• List, J. and I. Rasul (2011): “Field Experiments in Labor Economics”. In Ashenfelter and Card (eds): Handbook of Labor Economics, Volume 4 Part A. Amsterdam: North-Holland.

BSc in Economics or similar
A sound knowledge of microeconomic theory as well as a sound understanding of econometric techniques from the BA in Economics or similar are required.

It is highly recommended that Microeconomics III has been followed prior to "Incentives and Organizations" or will be followed in parallel with the course.
The format of the course is a combination of lectures and individual student work. Every second week, there will be a lecture block at which core concepts, theories, and empirical results are presented. Every other week, there will be a session in which students work on their own (individually or in groups) with review questions of direct relevance for the syllabus and the exam.
2 hours lectures 1 to 2 times a week from week 36 to 50 (except week 42).

The overall schema for the Master can be seen at https:/​/​intranet.ku.dk/​economics_ma/​courses/​CourseCatalogue-E18/​Courseschema/​Pages/​default.aspx

Timetable and venue:
To see the time and location of lectures please press the link under "Se skema" (See schedule) at the right side of this page. E means Autumn.

You can find the similar information partly in English at
-Select Department: “2200-Økonomisk Institut” (and wait for respond)
-Select Module:: “2200-E18; [Name of course]””
-Select Report Type: “List – Weekdays”
-Select Period: “Efterår/Autumn – Weeks 31-5”
Press: “ View Timetable”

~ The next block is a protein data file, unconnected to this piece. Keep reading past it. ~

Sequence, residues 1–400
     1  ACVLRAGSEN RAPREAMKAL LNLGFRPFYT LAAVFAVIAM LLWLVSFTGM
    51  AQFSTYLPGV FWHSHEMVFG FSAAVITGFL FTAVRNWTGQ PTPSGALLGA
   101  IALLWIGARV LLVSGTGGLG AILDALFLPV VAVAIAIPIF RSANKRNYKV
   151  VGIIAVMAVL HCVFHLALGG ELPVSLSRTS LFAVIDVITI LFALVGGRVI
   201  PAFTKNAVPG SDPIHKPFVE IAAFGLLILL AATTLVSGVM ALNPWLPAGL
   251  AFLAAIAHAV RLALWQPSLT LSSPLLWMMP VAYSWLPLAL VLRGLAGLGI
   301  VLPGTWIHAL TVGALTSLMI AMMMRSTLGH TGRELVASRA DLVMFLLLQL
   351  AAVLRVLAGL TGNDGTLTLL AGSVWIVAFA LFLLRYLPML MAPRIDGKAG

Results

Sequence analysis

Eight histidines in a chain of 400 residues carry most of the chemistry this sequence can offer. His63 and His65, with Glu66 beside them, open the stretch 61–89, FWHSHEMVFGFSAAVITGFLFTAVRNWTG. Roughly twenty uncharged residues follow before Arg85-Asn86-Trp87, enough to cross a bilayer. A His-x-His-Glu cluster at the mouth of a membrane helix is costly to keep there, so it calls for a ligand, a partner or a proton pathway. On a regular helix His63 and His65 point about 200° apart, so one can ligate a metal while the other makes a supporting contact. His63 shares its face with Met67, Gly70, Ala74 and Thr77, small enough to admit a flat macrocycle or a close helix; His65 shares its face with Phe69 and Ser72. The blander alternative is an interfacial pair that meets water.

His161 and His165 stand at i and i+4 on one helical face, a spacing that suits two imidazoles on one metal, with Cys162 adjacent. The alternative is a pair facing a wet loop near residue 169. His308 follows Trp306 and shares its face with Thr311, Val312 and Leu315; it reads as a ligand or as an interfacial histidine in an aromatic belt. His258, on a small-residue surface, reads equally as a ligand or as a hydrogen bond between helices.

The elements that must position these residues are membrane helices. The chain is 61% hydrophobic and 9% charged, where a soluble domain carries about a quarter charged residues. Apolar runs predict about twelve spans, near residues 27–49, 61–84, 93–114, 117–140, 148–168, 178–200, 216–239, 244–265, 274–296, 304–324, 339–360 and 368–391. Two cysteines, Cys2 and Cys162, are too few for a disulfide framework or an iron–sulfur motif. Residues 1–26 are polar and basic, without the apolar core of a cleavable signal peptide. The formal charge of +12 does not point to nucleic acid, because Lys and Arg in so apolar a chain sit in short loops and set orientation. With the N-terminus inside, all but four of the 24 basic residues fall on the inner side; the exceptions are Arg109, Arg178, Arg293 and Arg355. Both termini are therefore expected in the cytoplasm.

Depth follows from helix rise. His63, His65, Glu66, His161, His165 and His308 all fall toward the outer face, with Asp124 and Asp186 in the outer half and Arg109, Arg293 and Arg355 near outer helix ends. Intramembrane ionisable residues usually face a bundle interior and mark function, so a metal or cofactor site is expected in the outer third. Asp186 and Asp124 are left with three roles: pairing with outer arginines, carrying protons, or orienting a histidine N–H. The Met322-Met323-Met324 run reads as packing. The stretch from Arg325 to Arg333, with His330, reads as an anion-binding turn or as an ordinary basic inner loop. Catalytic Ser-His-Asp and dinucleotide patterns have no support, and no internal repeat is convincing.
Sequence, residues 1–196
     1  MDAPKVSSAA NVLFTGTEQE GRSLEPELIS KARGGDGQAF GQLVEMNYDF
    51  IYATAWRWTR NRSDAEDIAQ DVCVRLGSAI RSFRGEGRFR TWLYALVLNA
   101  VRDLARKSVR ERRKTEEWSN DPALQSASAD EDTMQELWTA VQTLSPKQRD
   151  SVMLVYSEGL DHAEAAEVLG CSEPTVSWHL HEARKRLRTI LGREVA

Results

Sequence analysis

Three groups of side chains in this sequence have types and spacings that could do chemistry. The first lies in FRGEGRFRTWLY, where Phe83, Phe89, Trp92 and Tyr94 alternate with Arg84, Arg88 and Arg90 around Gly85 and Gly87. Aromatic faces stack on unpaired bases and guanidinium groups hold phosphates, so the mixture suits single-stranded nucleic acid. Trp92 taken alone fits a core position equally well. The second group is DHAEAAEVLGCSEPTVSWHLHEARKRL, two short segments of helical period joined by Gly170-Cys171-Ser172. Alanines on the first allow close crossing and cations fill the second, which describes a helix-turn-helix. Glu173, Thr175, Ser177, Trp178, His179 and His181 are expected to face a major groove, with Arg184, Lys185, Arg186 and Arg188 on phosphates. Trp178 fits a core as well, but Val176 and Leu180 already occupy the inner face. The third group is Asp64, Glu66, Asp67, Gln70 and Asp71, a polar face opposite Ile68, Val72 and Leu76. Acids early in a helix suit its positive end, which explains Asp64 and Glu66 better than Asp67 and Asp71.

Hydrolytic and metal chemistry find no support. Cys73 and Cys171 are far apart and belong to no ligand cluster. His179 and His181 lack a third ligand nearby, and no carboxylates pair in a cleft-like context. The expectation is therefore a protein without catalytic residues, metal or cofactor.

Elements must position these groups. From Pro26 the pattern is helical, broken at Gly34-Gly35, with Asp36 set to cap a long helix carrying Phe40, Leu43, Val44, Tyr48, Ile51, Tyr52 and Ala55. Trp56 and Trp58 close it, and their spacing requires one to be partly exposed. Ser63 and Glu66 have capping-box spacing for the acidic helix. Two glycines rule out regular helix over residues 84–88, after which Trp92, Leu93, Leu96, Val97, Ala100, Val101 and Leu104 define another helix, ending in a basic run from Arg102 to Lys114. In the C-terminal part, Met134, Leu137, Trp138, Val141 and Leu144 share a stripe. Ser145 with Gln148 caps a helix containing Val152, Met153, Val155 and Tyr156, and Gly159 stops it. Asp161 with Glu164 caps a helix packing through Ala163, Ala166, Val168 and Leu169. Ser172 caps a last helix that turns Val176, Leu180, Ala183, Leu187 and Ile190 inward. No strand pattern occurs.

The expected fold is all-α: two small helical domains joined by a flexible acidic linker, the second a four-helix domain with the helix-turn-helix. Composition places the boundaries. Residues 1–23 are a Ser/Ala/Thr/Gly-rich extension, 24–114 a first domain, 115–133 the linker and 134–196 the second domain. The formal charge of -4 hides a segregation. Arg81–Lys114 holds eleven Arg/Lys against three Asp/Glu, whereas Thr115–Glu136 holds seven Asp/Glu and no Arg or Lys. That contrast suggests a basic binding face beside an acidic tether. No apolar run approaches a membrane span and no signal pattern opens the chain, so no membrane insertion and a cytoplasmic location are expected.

7,5 ECTS
Type of assessment
Written examination, 3 hours under invigilation
at the computers of Copenhagen University.
The exam assignment is given in English and must be answered in English.
Exam registration requirements



Without aids


Marking scale
7-point grading scale
Censorship form
No external censorship
Exam period

The exam takes place at the exam venues of the university:

18 January 2019

The exact time and room of the exam will be informed in the Self-Service at KUnet


Exam information:

For enrolled students more information about examination, rules, exam schedule etc. is available at the intranet for  master students (UK) and master students (DK).



The reexam takes place at the exam venues of the university:

19 February 2019

The exact time and room of the exam will be informed in the Self-Service at KUnet


Reexam information:

If only a few students have registered for the written re-exam, the reexam might change to an oral exam including the date, time and place for the exam, which will be informed by the Examination Office.

For enrolled students more information about reexamination, rules, schedule,venue etc. is available at the intranet for  master students (UK) and master students (DK).


Criteria for exam assesment

Students are assessed on the extent to which they master the learning outcome for the course.

To receive the top grade, the student must with no or only a few minor weaknesses be able to demonstrate an excellent performance displaying a high level of command of all aspects of the relevant material and can make use of the knowledge, skills and competencies listed in the learning outcomes.

  • Category
  • Hours
  • Lectures
  • 42
  • Preparation
  • 161
  • Exam
  • 3
  • Total
  • 206